This is the sort of children’s ministry we see as crucial – dynamic community fixed around Jesus, which welcomes children as real people.

    Thanks for the post.

  5. Wow! I go to make dinner and run errands and already you folks have made great comments! I’m glad to know I’m not the only one who thinks this way; sometimes in our churches, I think our pastors and leaders think that we need to invest so much money and resources to make our children’s ministries attractive and engaging so families come. Maybe it would be better to spend time and energy empowering and encouraging the parents to be the disciplers instead. And I love what you said, Cathy, about the power of a community to disciple children, and not just parents. I think what you’ve described is the ideal scenario, where the children are experiencing community with a wide range of ages and seeing faith lived out in all the different people they interact with, and not just on Sundays. Sounds to me you are part of a missional community. =)

    Thanks everyone! Look forward to seeing more thoughts!

  6. YES! This is a huge thing. I wrote about it on my own blog recently from the perspective of what my own parents did right. There was a white paper released recently by Eikon Community which concluded:

    1) Children were more likely to have vibrant faith if the parents weren

  7. Oh-this is good stuff. A subtle shift in focus by the church & voila! We’re off center, right where the enemy wants us. This is an important message for parents. For moms. Thanks for posting.

  8. Helen,

    I agree wholeheartedly. I also appreciated Cathy’s comment about the church sharing life through the week. The church is meant to be a community of shared life and struggle. Instead we often settle for something much less…and we suffer in all areas for it.

    As you may remember from our phone conversation, we don’t have regular classes for our kids – for many of the same reasons mentioned here. We believe that their formation is better aided through inclusion in the community…and even if we didn’t, we don’t have enough volunteers to do much without exhausting everyone!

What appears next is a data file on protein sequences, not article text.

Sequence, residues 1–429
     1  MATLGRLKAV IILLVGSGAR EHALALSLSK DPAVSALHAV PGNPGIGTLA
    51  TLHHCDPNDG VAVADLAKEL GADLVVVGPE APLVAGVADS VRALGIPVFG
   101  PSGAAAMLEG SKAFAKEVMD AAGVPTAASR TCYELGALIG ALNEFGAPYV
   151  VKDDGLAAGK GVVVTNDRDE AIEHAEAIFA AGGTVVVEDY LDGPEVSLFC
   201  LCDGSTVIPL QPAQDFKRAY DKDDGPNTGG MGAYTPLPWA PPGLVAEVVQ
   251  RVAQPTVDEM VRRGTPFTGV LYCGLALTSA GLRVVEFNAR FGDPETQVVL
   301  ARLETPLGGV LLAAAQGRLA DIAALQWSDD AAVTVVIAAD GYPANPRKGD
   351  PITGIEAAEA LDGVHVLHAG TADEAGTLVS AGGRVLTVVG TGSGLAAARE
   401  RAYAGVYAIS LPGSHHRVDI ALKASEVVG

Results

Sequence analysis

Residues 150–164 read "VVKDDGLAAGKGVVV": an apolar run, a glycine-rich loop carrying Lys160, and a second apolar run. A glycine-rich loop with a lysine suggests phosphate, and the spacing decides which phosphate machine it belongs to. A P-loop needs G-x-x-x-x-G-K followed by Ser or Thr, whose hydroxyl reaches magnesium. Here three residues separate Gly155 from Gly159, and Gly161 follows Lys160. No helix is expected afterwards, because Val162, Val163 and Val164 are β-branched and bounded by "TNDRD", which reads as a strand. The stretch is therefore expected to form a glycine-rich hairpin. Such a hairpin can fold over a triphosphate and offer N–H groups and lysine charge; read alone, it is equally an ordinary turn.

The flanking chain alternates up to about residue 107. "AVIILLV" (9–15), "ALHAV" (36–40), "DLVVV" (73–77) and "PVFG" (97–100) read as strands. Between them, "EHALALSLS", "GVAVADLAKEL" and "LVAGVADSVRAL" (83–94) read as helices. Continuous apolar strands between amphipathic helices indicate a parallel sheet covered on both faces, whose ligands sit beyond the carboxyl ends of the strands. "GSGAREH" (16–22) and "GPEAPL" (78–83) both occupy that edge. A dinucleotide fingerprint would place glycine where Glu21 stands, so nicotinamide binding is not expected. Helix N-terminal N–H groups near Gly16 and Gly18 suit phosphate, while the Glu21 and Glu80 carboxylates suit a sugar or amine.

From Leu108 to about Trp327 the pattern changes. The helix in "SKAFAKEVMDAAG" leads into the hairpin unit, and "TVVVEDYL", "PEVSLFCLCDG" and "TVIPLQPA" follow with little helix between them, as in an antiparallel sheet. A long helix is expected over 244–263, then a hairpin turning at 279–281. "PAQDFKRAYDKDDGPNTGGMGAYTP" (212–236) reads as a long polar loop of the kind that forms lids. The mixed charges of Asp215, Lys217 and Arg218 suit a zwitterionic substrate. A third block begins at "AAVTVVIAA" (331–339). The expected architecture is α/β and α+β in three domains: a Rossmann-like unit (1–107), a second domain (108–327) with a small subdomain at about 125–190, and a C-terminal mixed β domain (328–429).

We try to include them in the worship gatherings and also in our day-to-day expressions of discipleship. However, if there is an emphasis on household spiritual development (particularly in tandem with a faith community that functions like extended family), and if our kids are invited to participate in the spiritual life of the church, it seems that having an occasional (even weekly) class for kids could reclaim some of its value.

    My wife and I don’t homeschool for several reasons. One of those reasons is that our kids are already around us a lot and we’re intentional about doing a good deal of learning activities together. They seem to respond very well to opportunities to have other adults teaching them. We find that even our preschoolers seem to have a greater attention span for lessons when they’re at “school.” This hasn’t replaced our own efforts to work on reading, handwriting, math and other skills, but as an addition it seems to have a powerful impact.